The arsine gas reacts with the mercuric chloride to form a discoloration of the strip which is slightly yellow if only a small amount of arsenic is present. If a large amount of arsenic is present, the color may vary from brown to dark brown. If no arsenic is present in the water, the hydrogen gas rises through the water unaffected and passes through the compartment 24 and the vent 42 in contact with the strip 38 without changing its color. However, if hydrogen sulfide (H 5) is present in the water sample, a side reaction is incurred which causes a similar color change in the strip 38. For that reason, the pellets 46 may also be composed of a small amount of copper sulfate (CuSO to avoid the side reaction. Moreover, other lesser common side reactions (or interferences) may be avoided by adding suitable deactivating compounds as well known in the art.

The second test for arsenic is also a colorimetric test which also uses the pellets 46 of zinc and potassium bisulphate for providing hydrogen gas which reacts with any arsenical in the water to produce arsine gas. However, the strip 38 is saturated with a suitable reagent such as silver diethyldithiocarbamate (AgSCSN(C H in pyridine solution which is retained in a manually rupturable sealing means such as a sack 50 until ready for use. The sack 50 is ruptured by squeezing the portions of the base sheet 12 and the retainer sheet 14 together. The solution passes through the channel 26 to the strip 38. A reaction occurs with the arsine gas to form a soluble red complex which indicates the presence of arsenic compounds in the water 48 being tested.

Accordingly, the sampler may be used for testing for the presence of arsenic in a fluid such as water by using one of the accepted standard tests for arsenic.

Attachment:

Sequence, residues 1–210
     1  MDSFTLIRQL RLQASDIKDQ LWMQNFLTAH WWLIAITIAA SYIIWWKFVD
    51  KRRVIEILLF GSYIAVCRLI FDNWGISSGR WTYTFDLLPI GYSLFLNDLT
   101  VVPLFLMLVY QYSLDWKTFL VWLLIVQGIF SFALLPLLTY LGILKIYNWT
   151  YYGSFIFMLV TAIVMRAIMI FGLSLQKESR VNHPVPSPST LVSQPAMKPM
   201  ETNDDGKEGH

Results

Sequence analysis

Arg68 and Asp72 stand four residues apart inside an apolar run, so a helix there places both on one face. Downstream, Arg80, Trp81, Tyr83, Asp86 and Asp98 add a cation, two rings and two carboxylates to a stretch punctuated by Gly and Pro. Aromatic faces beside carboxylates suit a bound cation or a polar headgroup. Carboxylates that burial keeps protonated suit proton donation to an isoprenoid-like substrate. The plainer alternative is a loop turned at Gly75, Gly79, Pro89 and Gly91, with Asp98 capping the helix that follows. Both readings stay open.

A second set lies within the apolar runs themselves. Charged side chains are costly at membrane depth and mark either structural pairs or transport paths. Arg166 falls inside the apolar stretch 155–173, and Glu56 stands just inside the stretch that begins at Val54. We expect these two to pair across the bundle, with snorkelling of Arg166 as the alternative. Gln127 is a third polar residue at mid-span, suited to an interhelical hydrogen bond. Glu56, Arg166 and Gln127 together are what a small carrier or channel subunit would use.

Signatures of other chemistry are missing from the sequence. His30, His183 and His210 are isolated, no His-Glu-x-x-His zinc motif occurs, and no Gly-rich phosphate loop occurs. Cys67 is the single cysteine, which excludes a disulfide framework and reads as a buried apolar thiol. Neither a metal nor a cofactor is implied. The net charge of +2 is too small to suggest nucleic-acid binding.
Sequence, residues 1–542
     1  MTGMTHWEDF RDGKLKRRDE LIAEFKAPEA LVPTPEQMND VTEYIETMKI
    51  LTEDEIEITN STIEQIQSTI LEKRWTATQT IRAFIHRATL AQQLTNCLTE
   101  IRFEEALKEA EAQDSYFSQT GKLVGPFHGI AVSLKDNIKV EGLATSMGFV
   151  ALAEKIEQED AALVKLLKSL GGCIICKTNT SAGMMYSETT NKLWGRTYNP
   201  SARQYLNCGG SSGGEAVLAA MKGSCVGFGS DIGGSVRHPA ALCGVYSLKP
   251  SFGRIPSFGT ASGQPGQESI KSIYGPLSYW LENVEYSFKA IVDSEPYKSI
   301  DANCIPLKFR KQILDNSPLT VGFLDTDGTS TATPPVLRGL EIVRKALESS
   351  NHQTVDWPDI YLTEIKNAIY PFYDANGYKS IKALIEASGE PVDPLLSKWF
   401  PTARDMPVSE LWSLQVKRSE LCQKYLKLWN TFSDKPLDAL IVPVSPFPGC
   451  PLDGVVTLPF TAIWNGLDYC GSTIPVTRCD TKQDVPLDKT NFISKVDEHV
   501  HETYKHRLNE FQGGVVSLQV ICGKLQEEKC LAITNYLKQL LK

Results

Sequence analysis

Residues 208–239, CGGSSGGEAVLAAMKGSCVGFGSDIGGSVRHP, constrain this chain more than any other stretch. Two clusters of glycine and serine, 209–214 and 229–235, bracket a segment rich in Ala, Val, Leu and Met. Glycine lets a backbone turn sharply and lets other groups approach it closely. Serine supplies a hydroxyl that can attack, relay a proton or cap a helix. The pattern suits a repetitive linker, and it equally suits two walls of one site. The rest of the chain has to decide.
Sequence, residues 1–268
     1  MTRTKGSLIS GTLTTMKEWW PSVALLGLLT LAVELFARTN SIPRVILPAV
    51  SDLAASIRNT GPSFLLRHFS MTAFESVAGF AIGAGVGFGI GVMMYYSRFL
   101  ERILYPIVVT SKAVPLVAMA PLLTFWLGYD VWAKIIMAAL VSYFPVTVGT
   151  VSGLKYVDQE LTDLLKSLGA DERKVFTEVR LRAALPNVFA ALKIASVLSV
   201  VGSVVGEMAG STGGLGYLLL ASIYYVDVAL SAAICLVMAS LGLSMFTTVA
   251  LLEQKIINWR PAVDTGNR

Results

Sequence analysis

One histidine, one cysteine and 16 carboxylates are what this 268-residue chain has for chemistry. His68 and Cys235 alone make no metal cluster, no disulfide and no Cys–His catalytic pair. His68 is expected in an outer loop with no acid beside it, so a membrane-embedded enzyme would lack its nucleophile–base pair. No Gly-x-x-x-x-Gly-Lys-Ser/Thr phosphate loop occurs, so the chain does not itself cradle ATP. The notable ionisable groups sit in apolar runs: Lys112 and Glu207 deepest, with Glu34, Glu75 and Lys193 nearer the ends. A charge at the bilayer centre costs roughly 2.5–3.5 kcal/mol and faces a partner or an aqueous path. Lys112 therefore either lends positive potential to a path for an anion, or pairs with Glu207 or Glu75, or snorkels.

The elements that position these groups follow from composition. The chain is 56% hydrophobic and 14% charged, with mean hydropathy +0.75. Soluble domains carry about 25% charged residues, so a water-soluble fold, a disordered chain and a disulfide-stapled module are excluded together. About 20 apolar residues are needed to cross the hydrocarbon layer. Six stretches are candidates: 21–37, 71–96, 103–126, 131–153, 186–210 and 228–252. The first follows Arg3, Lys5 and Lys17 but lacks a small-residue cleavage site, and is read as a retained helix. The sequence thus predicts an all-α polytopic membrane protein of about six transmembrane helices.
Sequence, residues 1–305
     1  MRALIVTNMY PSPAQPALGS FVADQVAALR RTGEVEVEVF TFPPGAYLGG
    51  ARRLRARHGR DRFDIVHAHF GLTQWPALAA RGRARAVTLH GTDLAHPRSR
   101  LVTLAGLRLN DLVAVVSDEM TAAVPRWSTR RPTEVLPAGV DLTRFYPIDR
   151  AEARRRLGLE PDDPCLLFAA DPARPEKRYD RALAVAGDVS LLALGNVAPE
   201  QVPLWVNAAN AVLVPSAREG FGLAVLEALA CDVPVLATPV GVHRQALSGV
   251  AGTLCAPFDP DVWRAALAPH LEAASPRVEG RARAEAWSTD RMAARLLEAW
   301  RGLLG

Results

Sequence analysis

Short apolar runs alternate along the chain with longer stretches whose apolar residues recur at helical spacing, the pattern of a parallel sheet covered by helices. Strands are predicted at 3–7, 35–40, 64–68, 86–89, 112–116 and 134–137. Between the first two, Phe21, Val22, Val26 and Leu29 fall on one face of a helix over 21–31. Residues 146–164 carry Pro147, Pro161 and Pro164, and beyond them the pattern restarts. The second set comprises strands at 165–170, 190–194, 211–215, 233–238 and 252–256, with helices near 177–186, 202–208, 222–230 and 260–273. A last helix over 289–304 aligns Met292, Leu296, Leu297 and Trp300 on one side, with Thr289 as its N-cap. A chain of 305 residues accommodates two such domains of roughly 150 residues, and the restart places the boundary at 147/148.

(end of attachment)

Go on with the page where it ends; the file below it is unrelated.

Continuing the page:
Another embodiment of the invention which uses the so-called gas sweep is shown in FIGS. 4, 5, and 6 in which a sampler 52 is provided with a base sheet 54, a retainer sheet 56, and a cover sheet 58. Like the base sheet 12 and the retainer sheet 14 of the sampler 10, the sheets 54 and 56 are composed of the same or similar material that is inert to most chemical reagents and particularly those used in detecting contaminants for which the sampler is provided. The retainer sheet 56 is preferably transparent. The sheets 54 and 56 may be composed of a synthetic plastic film similar to the sheets 14 and 16, or of polyethylene, polycarbonate, and polyvinylchloride. The cover sheet 58, which is shown only partially in FIG. 4 for illustrative purposes, is detachably secured to the upper side of the retainer sheet 56 in a fluid tight manner and is composed of an impervious material such as metal foil or any other material that is flexible and impermeable to fluids such as a cloth backed fabric having a moistureproof seal coating applied thereto, or Mylar.

The base sheet 54 is molded to provide a chamber 60 which may extend over a greater portion of the surface of the sampler. In addition, the base sheet is molded to provide a plurality of channels 62 which extend axially from the upper end of the chamber 60 to a manifold compartment 64 having a portion 66 at the left end as viewed in FIG. 4. Each channel 62. has an enlarged intermediate portion 68, in each of which is disposed a strip 70 of absorbent material such as glass fiber or other materials similar to that of the strip 38 in the sampler 10.